Suicide: Reasons, Solutions, Medical Conditions and Media Reportage
Analyzing the reasons, the solutions, the underlying medical conditions and effect of media reportage on suicides that plague the society today. Chaiti Narula of CNN-News18 gets a complete understanding from Dr Samir Parikh, Varkha Chulani, Dr Sonia Lal, MPower and Dr Sameer Gupta.
(Photo: Anthony Bourdain (L)/ Kate Spade (R)/ Reuters)
What sent shockwaves amongst people all over the world recently was a whole host of celebrities committing suicide. Kate Spade, Anthony Bourdain and very recently back home Bhaiyyu Maharaj. In the past we have often seen people who have it all end their precious lives. They rule the world in their own right with their confidence, grit, humour and charming personalities and end their lives leaving people who follow them shell shocked. Take Robin Williams for example. Who would’ve imagined the protagonist of ‘Dead Poet’s Society’ would end his life? He definitely looked like a man with much vigour. Behind the veiled stardom, he suffered. As did the others. Kurt Cobain, Marilyn Monroe, Alexander McQueen are other such examples of people who had it all going for themselves. Then why would they ever end their lives? This question sure has crossed all our minds when we heard of the shocking news break out.
“Perception,” explains Dr Samir Parikh who is an eminent psychiatrist and the director of department of mental health and behavioral sciences at Fortis Healthcare. “Perception is the crux. We feel they have it all and have everything going because that is what these celebrities showed us always. We never knew what they suffered deep within them. Only the near and dear ones could’ve known what demons they battled with,” continues Dr Parikh.
According Dr Parikh’s extensive research on the subject, suicide is the 8th highest killer in the world and 90% of those who commit suicide have an undiagnosed, untreated or partially treated psychiatric condition at the root cause.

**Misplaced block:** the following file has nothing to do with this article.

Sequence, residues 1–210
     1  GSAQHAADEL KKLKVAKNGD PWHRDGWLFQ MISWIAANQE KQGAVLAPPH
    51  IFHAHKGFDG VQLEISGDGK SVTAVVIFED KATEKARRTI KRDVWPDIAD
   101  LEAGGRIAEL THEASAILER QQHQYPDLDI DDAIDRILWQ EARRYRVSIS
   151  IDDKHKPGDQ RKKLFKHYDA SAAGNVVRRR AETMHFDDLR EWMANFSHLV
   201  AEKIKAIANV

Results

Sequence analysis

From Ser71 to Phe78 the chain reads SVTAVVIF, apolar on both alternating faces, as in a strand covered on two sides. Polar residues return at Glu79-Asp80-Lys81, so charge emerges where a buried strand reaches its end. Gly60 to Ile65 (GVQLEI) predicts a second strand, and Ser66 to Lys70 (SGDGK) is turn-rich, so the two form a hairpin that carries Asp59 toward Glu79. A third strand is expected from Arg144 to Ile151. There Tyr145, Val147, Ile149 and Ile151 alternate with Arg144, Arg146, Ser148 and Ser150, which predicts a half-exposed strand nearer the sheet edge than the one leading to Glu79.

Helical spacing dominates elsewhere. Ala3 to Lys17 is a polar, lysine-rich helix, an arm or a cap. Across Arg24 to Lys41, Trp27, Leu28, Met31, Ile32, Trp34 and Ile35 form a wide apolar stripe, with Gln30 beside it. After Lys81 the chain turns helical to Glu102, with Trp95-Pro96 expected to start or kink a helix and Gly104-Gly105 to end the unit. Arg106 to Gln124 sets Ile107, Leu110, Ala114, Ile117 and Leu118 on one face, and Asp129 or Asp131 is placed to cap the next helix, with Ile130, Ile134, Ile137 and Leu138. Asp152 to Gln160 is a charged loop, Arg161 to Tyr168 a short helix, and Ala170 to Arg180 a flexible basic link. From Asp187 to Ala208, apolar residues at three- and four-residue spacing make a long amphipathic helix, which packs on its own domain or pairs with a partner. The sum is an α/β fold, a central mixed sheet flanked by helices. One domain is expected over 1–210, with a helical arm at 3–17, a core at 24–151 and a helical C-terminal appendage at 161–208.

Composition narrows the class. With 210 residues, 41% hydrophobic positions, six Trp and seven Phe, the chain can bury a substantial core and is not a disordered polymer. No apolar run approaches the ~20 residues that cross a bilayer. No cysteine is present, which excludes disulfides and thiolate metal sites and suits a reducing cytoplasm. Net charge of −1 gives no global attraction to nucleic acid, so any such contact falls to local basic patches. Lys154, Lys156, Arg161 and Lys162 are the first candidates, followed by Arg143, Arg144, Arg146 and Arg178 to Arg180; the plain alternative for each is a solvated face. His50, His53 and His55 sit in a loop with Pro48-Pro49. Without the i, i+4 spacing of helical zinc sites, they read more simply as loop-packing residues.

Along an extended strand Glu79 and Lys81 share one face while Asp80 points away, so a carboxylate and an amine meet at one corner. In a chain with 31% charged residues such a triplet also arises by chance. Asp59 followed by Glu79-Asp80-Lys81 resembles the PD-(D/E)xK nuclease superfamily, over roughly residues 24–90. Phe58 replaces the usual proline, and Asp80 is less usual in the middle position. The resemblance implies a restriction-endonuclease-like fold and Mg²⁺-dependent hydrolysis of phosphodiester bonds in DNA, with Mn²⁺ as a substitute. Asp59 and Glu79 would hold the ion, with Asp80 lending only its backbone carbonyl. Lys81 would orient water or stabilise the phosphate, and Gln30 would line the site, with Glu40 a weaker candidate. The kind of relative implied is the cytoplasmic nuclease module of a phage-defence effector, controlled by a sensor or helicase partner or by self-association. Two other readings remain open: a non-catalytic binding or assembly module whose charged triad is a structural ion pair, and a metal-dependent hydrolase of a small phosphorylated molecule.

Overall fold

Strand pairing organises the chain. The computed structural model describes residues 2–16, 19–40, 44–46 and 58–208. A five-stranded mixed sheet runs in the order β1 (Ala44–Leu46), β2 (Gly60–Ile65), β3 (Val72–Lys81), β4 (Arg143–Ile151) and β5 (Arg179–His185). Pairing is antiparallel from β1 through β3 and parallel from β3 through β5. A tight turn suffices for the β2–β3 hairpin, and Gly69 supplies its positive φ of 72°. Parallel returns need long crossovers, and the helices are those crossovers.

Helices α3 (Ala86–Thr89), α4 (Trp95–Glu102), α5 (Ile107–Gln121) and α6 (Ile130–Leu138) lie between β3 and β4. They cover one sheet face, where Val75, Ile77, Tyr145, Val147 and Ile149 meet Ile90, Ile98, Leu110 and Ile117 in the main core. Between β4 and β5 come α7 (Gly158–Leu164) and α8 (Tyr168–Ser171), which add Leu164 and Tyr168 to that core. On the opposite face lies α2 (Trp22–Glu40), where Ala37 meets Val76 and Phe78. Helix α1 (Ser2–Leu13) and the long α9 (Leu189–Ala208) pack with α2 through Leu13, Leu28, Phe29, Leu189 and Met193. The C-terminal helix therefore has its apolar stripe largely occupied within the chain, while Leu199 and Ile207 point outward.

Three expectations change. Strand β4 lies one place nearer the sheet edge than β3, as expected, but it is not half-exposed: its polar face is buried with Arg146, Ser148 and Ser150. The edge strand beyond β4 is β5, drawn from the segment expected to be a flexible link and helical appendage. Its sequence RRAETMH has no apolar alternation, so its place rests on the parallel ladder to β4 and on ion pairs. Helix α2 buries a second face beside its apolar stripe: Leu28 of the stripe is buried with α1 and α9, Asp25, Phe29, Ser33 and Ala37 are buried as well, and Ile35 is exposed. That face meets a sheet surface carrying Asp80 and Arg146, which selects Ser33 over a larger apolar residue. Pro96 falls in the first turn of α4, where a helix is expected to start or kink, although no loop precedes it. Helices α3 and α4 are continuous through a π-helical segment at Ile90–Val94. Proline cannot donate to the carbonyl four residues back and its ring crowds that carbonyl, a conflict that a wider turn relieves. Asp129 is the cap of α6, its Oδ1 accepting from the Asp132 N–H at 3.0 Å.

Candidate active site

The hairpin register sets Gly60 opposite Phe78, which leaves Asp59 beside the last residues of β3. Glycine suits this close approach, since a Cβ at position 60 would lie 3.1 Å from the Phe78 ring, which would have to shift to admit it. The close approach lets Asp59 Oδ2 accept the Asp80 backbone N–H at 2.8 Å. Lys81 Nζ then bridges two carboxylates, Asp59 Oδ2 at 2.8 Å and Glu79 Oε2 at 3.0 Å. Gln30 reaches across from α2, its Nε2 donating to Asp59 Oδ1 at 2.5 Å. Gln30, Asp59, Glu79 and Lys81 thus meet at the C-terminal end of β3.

So, what causes a human being to come to this tipping point where he or she feels the need to end their lives? “There are proximal and distal factors at play. Proximal refers to some recent developments and distal refers to long term issues. Long term issues lead to vulnerabilities that makes you come to this point when you take the final plunge. There is a sense of hopelessness that causes a person to end his life,” explains Dr Parikh.
Organizations, families, friends, support circles, suicide helplines, government agencies can help. If you identify any near or dear one even thinking or getting a suicidal thought, reach out to a professional or a helpline and seek help. Dr Parikh says that 18% of people who die of suicide have had a previous failed attempt.
This data in itself should send out alarm bells to most!
A patient on condition of anonymity revealed, “I have cried wolf many times. I don’t really know if I will ever commit suicide in reality but I do raise an alarm bell every now and then. I have been clinically depressed for a while and I feel like no one understands what I suffer on an everyday basis. Even waking up in the morning and going to work feels like a huge task. I’m irritable, I feel hopeless and my family says get married and they give me all sorts of random solutions.” Now will a person like this ever commit suicide? Dr Parikh says you can’t rule out the possibility. “A wolf’s cry too is a cry of anguish, of wanting attention and must be attended to,” he recommends.
According to a collection of reports, around 300 million people worldwide experience depression and have had suicidal thoughts at some point when they are depressed. Depression is mainly a chemical imbalance in the brain. Like any other part of the body that malfunctions, the brain too can malfunction.
For a hormonal imbalance you have endocrinologists, for a malfunctioning of the heart, you visit a cardiologist, similarly for a chemical imbalance in the brain that leads to depression you have psychiatrists, neurologists and counsellors.
Visit one or take your near and dear one to a specialist before it’s too late.